The main concerns about the Internet as a
 commercial medium are
  The lack of security in TCP/IP has to be addressed;
     Encryption and digital signature technologies to
      provide content-level security;
     Secure communication channel;
         • Use of SSL and other security protocols.
  Performance and reliability of the network;
     Becoming critical due to multimedia and real-time traffic;
     Addressed in IPv6.

                                                                   10
World Wide Web (WWW)
 An evolving system for publishing and accessing
  resources across the Internet.
 Through a web browser users use the Web to retrieve
  and view documents of various type, listen to audio
  streams, view video streams and interact with services.
 The Web provides a hypertext structure among the
  documents that it stores, which reflects the users’
  preferences in information organization.
 The documents contain links – references to other
  documents and resources on the Web.

 The attributes of the Web – HTML, URL, HTTP – will be discussed
  later.
                                                                    11
Electronic Commerce
Activities

On a customer level:
  Searching for product information;
  Ordering products;
  Paying for goods and services;
  Obtaining online technical support and customer
   service.




                                                     12
Electronic Commerce
Activities (cont’d)
On a business level:
  Online marketing
  Order and payment processing;
  Providing online technical support and customer care;
  Tracking orders and shipments, delivery of digital
   goods;
  Electronic mail and messaging;
  Online publishing;
  Online search for documents projects, and peer
   knowledge;
  Managing corporate finance and personnel systems;
  Manufacturing logistics management;
  Supply chain management.                           13
Categories of EC – B2B
 Growth of B2B marketplaces and exchanges;
   Growth in complexity.
 Full range of business automation:
   Customer Relations Management (CRM);
   Supply chain management;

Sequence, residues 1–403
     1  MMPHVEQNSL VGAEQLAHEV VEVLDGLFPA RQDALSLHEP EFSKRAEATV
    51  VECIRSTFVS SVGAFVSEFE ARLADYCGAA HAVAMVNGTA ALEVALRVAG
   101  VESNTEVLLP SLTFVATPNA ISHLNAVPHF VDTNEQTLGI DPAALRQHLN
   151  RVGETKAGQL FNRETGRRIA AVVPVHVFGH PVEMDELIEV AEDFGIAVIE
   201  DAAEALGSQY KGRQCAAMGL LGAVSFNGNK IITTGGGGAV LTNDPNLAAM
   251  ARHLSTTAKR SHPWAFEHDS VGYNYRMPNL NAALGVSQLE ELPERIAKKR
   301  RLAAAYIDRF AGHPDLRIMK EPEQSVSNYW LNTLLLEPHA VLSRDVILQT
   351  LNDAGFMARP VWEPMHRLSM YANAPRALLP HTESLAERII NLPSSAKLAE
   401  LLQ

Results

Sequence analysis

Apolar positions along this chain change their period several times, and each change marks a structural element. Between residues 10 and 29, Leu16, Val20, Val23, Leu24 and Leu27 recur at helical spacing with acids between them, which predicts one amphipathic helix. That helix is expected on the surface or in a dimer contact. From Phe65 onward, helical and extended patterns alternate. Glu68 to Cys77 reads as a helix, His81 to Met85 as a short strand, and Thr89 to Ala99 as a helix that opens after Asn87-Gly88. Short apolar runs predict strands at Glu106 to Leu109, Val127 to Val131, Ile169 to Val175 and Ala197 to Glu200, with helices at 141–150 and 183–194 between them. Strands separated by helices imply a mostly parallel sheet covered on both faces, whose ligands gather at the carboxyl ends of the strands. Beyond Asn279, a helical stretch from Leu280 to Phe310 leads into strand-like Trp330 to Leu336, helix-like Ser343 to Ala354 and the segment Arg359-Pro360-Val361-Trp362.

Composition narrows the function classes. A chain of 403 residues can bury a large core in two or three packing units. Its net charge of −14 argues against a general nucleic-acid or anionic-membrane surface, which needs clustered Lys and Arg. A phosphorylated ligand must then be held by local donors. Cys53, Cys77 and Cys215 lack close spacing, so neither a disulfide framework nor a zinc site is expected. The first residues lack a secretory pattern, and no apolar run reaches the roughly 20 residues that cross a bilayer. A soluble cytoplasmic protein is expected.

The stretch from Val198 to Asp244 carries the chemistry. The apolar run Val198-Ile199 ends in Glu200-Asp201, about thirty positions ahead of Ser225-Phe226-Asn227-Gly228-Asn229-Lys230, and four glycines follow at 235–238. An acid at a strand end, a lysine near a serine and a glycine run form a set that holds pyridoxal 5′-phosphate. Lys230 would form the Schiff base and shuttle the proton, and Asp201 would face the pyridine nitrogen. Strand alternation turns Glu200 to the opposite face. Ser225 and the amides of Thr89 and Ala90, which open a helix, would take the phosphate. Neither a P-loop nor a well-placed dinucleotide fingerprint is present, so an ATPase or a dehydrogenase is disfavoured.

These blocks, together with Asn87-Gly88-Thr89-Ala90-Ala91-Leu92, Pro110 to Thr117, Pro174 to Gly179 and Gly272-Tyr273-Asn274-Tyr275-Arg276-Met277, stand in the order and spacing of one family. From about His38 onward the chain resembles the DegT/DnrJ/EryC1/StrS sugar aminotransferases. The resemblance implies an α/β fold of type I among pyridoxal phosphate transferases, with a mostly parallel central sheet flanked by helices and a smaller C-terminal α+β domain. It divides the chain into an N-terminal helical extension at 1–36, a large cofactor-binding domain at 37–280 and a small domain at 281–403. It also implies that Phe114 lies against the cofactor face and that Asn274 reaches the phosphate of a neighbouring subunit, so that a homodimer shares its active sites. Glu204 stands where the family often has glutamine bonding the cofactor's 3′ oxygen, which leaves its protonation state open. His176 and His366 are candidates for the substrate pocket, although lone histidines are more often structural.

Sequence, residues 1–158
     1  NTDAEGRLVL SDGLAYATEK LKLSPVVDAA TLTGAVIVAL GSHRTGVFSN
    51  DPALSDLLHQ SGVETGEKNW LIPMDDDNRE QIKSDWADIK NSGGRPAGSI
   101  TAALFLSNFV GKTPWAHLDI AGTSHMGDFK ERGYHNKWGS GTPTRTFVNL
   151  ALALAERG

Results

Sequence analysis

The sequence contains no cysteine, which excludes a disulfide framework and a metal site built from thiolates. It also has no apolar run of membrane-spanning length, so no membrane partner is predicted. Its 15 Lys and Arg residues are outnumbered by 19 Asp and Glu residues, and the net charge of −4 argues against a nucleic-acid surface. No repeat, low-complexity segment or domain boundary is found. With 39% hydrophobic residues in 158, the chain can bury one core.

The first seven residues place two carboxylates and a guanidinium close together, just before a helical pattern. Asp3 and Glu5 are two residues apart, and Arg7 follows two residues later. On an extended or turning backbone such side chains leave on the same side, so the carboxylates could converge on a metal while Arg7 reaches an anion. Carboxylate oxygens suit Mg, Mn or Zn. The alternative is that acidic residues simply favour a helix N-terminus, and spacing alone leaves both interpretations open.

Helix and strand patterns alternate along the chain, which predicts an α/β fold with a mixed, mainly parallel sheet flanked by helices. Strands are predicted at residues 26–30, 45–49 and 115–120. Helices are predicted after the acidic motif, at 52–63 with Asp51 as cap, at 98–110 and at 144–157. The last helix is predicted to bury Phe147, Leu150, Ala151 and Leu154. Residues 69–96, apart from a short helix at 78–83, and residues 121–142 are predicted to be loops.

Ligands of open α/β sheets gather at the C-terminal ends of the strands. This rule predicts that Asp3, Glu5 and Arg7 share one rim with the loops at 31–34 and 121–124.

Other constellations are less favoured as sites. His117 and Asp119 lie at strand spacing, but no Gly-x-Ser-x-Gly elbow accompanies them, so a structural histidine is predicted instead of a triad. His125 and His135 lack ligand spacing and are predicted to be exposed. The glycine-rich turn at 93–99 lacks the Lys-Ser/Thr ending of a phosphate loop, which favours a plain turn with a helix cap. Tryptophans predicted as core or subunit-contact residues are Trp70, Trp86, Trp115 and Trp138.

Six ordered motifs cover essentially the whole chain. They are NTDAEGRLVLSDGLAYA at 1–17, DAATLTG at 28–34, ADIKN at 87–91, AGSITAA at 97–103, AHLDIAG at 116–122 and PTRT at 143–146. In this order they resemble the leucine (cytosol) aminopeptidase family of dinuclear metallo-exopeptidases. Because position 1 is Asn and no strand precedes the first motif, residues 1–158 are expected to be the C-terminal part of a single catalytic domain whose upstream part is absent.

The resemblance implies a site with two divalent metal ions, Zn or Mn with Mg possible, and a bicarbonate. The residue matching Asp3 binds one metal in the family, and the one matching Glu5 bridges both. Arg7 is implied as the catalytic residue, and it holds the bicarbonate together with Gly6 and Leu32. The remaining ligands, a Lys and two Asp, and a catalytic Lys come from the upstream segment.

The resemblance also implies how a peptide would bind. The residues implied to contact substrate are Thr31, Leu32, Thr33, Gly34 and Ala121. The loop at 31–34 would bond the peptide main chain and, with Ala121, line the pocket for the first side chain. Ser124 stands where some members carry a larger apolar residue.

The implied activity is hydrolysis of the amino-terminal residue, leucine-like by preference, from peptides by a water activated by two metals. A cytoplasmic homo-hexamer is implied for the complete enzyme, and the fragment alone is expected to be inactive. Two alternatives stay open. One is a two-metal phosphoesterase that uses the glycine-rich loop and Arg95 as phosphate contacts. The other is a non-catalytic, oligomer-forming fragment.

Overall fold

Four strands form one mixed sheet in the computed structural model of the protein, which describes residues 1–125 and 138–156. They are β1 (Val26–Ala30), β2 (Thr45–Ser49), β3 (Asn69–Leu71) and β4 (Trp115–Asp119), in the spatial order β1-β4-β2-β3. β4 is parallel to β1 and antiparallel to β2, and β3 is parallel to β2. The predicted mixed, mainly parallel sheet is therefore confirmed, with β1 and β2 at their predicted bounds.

Negotiation, etc.
 Currently, 98% of medium and large firms
  are connected to the Internet and 41% are
  engaged in EC;
   70% engaged in EC by 2003
      Projected by eMarketer.
                                              14
Categories of EC – B2B
(cont’d)
  Worldwide B2B revenues will grow from
  $185 billion in 2000 to $1.26 trillion in2003.
      eCommerce: B2B Report, eMarketer.
     1400.00
     1200.00
     1000.00
      800.00                                             B2 Revenue,
      600.00                                             worldwide

      400.00
      200.00
        0.00
               1998   1999   2000   2001   2002   2003


                                                                       15
Categories of EC - B2G

More restrictive due to government
 regulations.
At the same time, government agencies
 are strongly encouraged to do their
 procurement electronically.




                                         16
Categories of EC - B2C and
C2C
Is built on mutual distrust.
Has a small volume of transactions.
Requires a ubiquitous low-cost
 infrastructure.
B2C Provides an opportunity for
 personalization and customization through
 employment of business intelligence tools;
  Privacy issues.

                                          17
EC & Transformation of
Business

Transformation occurs through:
  Globalization;
  New products/services approaches;
  Greater speed to market;
  Better customer acquisition and retention